Pakistan continues borrowing from International Money launderers

BY KASWAR KLASRA

ISLAMABAD: Soon after securing emergency loan of $1.4 billion from IMF, government of Pakistan has proposed remarkable increase in pay and pension of government employees including armed forces.

Sources told Islamabad telegraph that 10-15 % raise in pay and pension of government employees and pensioners has been proposed.

In April this year, The International Monetary Fund (IMF) approved an emergency loan of $1.4 billion for Pakistan, as Islamabad is also expected to get around $1.5 billion relief in the shape of delay in repayment of loans to bilateral creditors.

It is interesting to note that Pakistan is not among the nations whose debts will be written off by the rich nations and multilateral institutions. But it has been offered both, cheap financing by the multilateral creditors and debt rollover by the bilateral creditors.

“The IMF Executive Board approved a purchase of Pakistan under the Rapid Financing Instrument (RFI) equivalent to $1.386 billion (50 per cent of quota) to meet the urgent balance of payment needs stemming from the outbreak of the Covid-19 pandemic,” says a statement issued by the global lender in April..

Last year, Pakistan and the International Monetary Fund (IMF) reached a new agreement securing a US$6 billion bailout package, in a move that came as China on Monday gave a US$2.2 billion loan to the cash-strapped nation. The agreement came after months of painstaking negotiations between the two sides and marks Pakistan’s 22nd bailout with the IMF.

“The programme aims to support the authorities’ strategy for stronger and more balanced growth by reducing domestic and external imbalances, improving the business environment, strengthening institutions, increasing transparency, and protecting social spending,” said Ramirez Rigo, head of the IMF delegation, in a statement.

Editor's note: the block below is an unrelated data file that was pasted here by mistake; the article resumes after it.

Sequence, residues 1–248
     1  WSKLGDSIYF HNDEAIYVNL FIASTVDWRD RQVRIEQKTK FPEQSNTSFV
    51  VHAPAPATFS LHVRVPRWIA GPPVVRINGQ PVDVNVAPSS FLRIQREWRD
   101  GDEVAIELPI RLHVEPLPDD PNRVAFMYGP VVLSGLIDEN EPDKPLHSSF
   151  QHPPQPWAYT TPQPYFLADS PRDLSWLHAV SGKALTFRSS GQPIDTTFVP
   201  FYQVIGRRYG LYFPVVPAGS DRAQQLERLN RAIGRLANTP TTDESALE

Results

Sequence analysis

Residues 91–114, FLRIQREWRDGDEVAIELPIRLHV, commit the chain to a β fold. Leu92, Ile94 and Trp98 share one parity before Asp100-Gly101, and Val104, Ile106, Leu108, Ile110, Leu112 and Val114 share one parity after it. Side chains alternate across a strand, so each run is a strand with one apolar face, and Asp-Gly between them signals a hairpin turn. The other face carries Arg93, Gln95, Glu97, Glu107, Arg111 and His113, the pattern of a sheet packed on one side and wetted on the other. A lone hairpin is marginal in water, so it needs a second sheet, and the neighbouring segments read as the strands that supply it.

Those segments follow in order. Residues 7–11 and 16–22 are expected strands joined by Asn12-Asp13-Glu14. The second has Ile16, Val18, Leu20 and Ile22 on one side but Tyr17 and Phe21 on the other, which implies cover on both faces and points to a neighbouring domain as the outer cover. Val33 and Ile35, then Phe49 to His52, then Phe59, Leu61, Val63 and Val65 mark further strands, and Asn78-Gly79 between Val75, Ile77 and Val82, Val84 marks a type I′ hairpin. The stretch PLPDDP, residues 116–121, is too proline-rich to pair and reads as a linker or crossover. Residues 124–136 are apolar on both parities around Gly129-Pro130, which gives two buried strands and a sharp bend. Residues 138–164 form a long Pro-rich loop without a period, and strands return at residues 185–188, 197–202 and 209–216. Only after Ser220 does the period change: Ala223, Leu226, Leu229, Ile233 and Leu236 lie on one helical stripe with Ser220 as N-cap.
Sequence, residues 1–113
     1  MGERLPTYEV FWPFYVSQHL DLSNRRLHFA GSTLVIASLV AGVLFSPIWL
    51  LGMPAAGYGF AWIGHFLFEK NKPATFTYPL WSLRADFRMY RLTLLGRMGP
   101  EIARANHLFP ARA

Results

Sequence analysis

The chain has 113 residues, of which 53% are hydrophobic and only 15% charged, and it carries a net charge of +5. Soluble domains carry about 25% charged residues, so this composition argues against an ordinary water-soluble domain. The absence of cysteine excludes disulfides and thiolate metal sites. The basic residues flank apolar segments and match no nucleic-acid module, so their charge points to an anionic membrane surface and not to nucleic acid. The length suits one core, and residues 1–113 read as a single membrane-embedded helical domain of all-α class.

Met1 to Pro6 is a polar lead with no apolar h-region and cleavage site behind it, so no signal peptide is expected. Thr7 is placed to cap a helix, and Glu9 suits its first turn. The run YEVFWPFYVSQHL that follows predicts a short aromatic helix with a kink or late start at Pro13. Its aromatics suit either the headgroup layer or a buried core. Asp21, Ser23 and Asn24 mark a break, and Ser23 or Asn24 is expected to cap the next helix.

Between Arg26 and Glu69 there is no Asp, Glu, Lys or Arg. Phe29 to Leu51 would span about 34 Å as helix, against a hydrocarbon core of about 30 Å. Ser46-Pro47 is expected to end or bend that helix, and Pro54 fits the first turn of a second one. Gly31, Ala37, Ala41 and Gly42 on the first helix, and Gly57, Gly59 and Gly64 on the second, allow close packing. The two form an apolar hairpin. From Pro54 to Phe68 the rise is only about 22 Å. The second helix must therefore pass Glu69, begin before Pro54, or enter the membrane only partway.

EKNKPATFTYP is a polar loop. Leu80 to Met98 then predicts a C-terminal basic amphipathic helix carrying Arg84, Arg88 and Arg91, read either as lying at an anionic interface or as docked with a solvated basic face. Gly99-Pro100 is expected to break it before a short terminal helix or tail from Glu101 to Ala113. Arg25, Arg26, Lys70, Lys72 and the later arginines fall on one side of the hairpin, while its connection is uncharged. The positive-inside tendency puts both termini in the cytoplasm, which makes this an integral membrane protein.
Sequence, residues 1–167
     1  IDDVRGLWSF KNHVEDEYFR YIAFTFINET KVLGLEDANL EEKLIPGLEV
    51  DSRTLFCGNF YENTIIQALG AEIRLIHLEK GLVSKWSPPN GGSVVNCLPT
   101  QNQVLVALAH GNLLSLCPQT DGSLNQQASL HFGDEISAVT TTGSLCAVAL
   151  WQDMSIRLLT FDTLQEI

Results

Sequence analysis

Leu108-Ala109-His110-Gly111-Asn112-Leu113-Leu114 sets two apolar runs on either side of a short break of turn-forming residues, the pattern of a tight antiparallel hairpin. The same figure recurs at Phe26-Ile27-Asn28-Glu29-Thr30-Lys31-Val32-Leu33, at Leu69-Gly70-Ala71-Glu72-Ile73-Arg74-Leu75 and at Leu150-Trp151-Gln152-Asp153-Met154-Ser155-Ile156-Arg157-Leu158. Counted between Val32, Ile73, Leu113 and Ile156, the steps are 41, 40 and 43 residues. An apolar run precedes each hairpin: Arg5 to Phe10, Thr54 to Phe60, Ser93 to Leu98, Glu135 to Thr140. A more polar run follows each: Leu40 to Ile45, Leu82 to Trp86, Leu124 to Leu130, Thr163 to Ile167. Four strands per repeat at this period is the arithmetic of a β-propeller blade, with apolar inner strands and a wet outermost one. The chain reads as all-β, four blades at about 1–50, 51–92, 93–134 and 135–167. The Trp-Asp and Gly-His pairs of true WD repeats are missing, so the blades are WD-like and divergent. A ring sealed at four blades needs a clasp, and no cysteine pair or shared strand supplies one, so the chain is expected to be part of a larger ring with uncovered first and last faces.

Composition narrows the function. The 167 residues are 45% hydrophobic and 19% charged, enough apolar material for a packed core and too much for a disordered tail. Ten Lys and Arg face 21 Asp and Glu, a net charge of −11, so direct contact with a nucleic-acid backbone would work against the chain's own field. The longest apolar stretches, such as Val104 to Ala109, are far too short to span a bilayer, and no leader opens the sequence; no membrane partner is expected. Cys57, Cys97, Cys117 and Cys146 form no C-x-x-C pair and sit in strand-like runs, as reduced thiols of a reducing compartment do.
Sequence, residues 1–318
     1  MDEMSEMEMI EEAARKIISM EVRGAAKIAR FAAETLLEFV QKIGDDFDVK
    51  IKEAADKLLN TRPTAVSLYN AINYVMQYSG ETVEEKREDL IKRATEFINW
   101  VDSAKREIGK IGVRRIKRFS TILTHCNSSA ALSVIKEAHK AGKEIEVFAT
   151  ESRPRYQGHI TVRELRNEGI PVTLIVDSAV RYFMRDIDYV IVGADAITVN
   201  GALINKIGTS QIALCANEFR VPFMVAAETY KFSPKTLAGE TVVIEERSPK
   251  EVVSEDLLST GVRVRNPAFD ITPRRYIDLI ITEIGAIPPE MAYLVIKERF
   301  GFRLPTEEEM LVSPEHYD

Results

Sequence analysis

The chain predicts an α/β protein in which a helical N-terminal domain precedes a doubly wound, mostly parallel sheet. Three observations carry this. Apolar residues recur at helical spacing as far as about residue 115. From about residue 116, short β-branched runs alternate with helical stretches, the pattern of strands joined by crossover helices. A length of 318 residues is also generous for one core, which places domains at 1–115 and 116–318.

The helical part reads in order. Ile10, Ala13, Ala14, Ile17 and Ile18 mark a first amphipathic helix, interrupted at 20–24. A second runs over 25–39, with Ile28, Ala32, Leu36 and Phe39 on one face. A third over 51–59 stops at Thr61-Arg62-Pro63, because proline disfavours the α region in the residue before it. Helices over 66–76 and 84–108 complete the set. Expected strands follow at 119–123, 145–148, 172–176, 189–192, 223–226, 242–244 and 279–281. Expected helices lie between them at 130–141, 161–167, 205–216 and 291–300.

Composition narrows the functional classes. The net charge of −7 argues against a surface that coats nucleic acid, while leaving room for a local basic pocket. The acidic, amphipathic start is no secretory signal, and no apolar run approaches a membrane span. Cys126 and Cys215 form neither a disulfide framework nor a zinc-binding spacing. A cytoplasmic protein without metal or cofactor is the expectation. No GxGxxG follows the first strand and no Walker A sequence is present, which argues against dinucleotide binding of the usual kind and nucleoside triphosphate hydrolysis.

According to Pakistan’s finance adviser, the country is set to receive US$6 billion from the IMF in addition to US$2 to US$3 billion from the World Bank and Asian Development Bank over the next three years.

The bailout came as Pakistan received a US$2.2 billion loan from China on Monday. The State Bank of Pakistan has received 15 billion yuan last yearas proceeds of the loan obtained by the government of Pakistan from China.

Pakistan has been struggling to stave off a looming balance-of-payments crisis while its economy teeters due to low growth, soaring inflation, and mounting debt.

Analysts have warned that any fresh IMF deal would likely come with myriad restrictions that could hobble Prime Minister Imran Khan’s grand promises to build an Islamic welfare state, as the country is forced to tighten its purse strings.

Economist Ashfaq Hassan Khan, from the National University of Science and Technology, was critical of the bailout package, calling it a “drop in the ocean”.

“US$6 billion in next three years means US$2 billion per year. Pakistan could have managed this amount easily by promoting its exports. Reaching out to IMF for US$6 billion is not justifiable any way,” Hassan said, adding that the loan would increase poverty in the country. Political scientist Farrukh Saleem said the bailout amount was not of importance.

“What is most important for Pakistan is that it will get a ‘letter of confidence’ from the IMF. This letter will make it easy for Pakistan to borrow even more from the World Bank, Asian Development Bank and borrow Eurobonds,” Saleem said. He noted it was not up to Pakistan to decide on loan amounts, which differ from country to country.

“Pakistan’s normal quota exceeds US$6 billion, which it managed to get,” Saleem said. Pakistan has had 21 other bailouts since it joined the IMF in 1950. Its most recent loan was issued in 2013, worth US$6.6 billion.

The United Arab Emirates – Pakistan’s largest trading partner in the Middle East and a major investment source – recently offered US$3 billion to support the battered economy.

Islamabad also secured US$6 billion in funding from Saudi Arabia and struck a 12-month deal for a cash lifeline during Khan’s visit to the kingdom in October. However the influx of Gulf cash failed to reverse the economic headwinds battering Pakistan, as high fuel prices, low tax yields, and rising inflation have kept the country off balance.

The deal with the IMF comes weeks after Shaikh – a former World Bank official who was Pakistan’s finance minister from 2010 to 2013 – was appointed as “adviser on finance” following Finance Minister Asad Umar’s resignation amid a wide-ranging cabin reshuffle.

The abrupt departure of Umar – one of Khan’s most powerful ministers – was particularly shocking due to his perceived role in overseeing the vital negotiations with the IMF over the long-delayed bailout.

The announcement comes as discontent is already growing over measures Khan’s government has taken to fend off the crisis, including devaluing the rupee by some 30 per cent since January 2018, sending inflation to five-year highs.

A government report published last year also noted that Pakistan’s growth rate is set to hit an eight-year low, with the country’s GDP rate likely to sink to 3.3 per cent against a projected target of 6.2 per cent.

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